The National Association of Realtors' existing home sales report for September came in much stronger than expected today, with sales hitting their highest levels in more than a year.
Some highlights from the report:
Existing-home sales—including single-family, townhomes, condominiums and co-ops—rose 5.5 percent to a seasonally adjusted annual rate of 5.18 million units in September from a level of 4.91 million in August, and are 1.4 percent higher than the 5.11 million-unit pace in September 2007...
Total housing inventory at the end of September fell 1.6 percent to 4.27 million existing homes available for sale, which represents a 9.9-month supply at the current sales pace, down from a 10.6-month supply in August. This marks two consecutive monthly declines since inventories peaked in July.
But while the figures may appear heartening at first, there are several reasons to expect to see more pain in future reports:
1. Distressed sales: NAR said that foreclosures and short sales are now making up more than a third of all transactions. "If one considers that distressed sales (foreclosures and short sales) are driving the sales numbers in the West, and to a certain extent in the other three regions, the rebound raises questions about whether it is sustainable," Patrick Newport, an economist at IHS Global Insight, said in a report.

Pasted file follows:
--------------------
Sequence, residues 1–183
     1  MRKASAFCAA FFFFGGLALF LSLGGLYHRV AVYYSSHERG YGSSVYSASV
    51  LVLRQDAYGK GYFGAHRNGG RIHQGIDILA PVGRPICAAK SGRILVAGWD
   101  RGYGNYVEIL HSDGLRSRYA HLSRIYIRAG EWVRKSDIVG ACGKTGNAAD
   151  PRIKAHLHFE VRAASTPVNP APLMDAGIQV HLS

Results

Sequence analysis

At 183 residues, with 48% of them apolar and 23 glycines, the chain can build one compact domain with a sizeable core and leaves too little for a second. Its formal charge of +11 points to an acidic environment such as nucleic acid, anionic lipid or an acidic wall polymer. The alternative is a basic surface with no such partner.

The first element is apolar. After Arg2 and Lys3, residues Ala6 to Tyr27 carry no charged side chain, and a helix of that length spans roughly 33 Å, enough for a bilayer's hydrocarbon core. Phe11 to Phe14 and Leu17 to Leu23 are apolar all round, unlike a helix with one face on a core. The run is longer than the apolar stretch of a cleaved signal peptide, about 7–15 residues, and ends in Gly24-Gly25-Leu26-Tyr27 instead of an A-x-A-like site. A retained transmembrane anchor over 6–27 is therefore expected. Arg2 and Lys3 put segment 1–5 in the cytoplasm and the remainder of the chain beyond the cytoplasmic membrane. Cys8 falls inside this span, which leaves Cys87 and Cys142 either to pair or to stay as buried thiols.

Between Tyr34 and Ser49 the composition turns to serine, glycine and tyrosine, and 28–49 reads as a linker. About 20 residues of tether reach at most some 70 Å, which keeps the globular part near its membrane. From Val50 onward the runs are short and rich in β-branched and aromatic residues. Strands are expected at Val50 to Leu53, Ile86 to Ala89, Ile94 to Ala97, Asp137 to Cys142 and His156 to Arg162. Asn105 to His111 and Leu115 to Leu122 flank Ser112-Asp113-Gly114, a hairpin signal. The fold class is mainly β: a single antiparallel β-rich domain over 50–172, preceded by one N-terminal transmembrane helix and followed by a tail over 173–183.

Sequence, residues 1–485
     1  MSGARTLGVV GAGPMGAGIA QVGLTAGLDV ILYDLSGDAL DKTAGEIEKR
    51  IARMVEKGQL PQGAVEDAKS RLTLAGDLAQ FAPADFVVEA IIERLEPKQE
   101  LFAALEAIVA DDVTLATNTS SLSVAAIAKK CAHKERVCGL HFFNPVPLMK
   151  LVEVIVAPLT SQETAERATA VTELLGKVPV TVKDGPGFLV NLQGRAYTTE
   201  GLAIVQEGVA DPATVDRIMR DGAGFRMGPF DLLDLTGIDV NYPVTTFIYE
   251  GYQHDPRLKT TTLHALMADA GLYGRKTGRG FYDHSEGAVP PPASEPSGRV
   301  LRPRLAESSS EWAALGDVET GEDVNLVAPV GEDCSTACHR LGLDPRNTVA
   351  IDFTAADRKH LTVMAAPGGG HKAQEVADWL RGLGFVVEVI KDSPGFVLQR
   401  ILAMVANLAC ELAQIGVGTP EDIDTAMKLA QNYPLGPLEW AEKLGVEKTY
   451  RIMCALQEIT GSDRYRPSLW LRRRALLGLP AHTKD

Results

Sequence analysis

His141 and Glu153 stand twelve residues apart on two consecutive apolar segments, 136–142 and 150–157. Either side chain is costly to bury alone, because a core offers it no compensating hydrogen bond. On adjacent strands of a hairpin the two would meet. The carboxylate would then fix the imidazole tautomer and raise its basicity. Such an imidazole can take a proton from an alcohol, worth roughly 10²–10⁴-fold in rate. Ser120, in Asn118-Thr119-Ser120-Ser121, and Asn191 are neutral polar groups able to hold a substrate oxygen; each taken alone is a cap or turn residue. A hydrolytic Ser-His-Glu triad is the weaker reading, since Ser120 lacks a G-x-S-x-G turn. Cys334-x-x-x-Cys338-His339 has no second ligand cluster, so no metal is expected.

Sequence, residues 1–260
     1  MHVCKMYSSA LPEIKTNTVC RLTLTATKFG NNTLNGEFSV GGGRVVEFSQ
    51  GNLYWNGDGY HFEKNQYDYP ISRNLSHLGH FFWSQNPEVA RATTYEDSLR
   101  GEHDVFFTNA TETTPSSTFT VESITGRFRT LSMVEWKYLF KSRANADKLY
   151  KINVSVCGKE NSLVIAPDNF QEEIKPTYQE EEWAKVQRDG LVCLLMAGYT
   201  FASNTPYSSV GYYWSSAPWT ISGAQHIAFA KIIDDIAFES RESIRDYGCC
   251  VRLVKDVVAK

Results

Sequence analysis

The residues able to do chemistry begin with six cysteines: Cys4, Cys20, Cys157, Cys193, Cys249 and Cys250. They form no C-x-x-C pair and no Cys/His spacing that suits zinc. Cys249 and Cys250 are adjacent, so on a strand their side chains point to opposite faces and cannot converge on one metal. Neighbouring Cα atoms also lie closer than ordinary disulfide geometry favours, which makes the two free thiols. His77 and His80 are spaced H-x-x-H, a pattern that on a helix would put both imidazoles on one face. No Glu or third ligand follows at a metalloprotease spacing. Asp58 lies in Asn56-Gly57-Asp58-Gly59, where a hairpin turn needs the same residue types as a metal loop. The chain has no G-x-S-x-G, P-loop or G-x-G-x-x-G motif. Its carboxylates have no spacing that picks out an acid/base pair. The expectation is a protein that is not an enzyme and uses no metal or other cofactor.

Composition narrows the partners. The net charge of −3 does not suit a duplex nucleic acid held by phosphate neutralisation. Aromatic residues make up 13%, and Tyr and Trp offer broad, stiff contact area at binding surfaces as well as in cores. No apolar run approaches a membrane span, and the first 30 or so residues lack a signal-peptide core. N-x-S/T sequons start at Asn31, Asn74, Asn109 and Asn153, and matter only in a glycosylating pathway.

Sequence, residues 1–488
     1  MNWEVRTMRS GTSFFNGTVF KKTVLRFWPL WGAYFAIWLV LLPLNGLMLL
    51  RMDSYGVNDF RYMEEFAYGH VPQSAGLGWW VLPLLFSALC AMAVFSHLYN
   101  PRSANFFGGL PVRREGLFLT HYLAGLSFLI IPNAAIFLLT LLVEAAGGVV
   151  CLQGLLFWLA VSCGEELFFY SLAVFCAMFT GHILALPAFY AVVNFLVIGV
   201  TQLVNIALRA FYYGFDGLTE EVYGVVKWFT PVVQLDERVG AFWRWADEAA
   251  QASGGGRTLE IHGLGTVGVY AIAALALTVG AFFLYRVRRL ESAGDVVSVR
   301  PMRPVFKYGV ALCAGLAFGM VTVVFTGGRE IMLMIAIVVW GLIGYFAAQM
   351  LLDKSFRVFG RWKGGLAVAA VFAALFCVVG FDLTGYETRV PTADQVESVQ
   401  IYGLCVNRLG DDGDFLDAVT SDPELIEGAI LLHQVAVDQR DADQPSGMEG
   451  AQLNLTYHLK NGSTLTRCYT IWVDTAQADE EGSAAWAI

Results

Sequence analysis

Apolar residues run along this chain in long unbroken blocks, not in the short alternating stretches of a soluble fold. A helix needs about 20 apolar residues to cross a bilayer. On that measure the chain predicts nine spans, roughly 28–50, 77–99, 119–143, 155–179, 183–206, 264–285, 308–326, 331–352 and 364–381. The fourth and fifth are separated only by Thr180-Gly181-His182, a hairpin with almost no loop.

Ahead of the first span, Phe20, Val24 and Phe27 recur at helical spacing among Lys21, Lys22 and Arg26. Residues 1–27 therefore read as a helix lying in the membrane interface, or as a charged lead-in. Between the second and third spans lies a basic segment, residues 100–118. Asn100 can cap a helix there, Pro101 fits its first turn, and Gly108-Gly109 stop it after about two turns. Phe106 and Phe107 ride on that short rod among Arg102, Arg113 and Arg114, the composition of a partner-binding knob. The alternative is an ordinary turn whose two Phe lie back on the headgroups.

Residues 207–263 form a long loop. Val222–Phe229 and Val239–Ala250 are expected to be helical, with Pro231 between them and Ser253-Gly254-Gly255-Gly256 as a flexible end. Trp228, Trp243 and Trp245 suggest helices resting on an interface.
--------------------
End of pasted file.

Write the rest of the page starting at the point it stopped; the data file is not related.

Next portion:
2. Pre-credit-panic figures: It's also important to note the time period from which the data were pulled. "These sales are for September, so they reflect buying conditions in July and August—before the credit crunch intensified," economists at Goldman Sachs said in a report. "Pending home sales, to be released November 7, will provide an early read on how the resale housing market is faring through the intensification of the credit crunch."
3. The recession factor: The deteriorating state of the U.S. economy also threatens to punish the market further. "Looking out over the horizon, given the expected increase in the rate of unemployment and probable decline in income, it will be difficult for the housing sector to sustain the current pace necessary to burn off the existing inventory of homes at existing prices," Joseph Brusuelas, chief economist at Merk Investments, said in a report. "Thus, prices will have to adjust accordingly before the market completely stabilizes."